© TheCellularScale
Bi G, & Poo M (1999). Distributed synaptic modification in neural networks induced by patterned stimulation. Nature, 401 (6755), 792-6 PMID: 10548104

Dan Y, & Poo MM (2006). Spike timing-dependent plasticity: from synapse to perception. Physiological reviews, 86 (3), 1033-48 PMID: 16816145

Sunday, July 22, 2012

Do small men think like big women?

Endless research has been conducted on the neurological differences between women and men. However, a study out of the University of Florida explains that almost all of the anatomical differences previously reported can be accounted for simply by adjusting for total brain size.

(Lady Gaga is an excellent source of exaggerated imagery)
Leonard et al., (2008) recruited 100 men and 100 women and imaged their brains. They showed that men generally have larger brains that women (not surprising, men generally have larger bodies than women).

Leonard et al., 2008 Figure 2

But what is fascinating is that when comparing specific regions, the gender of the brain mattered less than the size of the whole brain. 

In other words if you had a small male brain, it would look almost indistinguishable from a large female brain.  (See their Figure 3)

What I find most interesting in this paper is that it refutes the much purported "Corpus Callosum Myth".

Corpus Callosum (source)
The Corpus Callosum is main white matter connection between the two hemispheres of the brain. The "Corpus Callosum Myth" is that female brains have larger corpus callosa than male brains.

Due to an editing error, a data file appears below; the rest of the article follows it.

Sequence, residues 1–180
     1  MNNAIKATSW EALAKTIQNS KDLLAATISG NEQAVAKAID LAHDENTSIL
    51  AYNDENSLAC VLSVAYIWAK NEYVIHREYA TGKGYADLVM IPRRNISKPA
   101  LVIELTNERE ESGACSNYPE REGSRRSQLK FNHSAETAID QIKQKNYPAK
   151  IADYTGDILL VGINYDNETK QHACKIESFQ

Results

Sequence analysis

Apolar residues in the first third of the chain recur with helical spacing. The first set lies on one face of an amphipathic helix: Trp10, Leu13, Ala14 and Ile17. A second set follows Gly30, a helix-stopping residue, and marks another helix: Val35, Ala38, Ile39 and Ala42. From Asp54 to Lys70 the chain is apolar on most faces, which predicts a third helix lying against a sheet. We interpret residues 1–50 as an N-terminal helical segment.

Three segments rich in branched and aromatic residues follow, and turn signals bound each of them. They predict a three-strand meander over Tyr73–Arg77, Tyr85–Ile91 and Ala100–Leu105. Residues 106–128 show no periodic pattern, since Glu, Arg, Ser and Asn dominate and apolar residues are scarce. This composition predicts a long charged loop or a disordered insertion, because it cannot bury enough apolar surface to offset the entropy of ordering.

I have to admit that I am not immune from gender bias.  When I first heard that women had larger corpus callosa than men, my immediate thoughts were towards how that could make sense.  I thought "ah, well then maybe that is why women are better at seeing the big picture or at multi-tasking" and other thoughts along those lines.  

What I definitely did NOT think was "I bet that was a small, poorly controlled study which did not even reach statistical significance."  Well as it turns out, I should have.  DeLacoste-Utamsing and Holloway (1982) analyzed only 14 brains (9 male and 5 female), and found that

"The average area of the posterior fifth of the corpus callosum was larger in females than in males (p=0.08)" DeLacoste-Utamsing and Holloway (1982) p. 1431

A result hardly worth speculating upon.

Leonard et al., 2008 also found some corpus callosum differences between the genders, but when they graphed the size of the corpus callosum against the size of the whole brain...

Figure 3B (female brains white circles, male brains filled squares)
They found a continuum. The difference in size between the female and male corpus callosum is entirely due to the difference in size of the female and male brain as a whole. 

As with Von Economo neurons, maybe brains of different sizes work similarly, but have to be shaped differently to do so.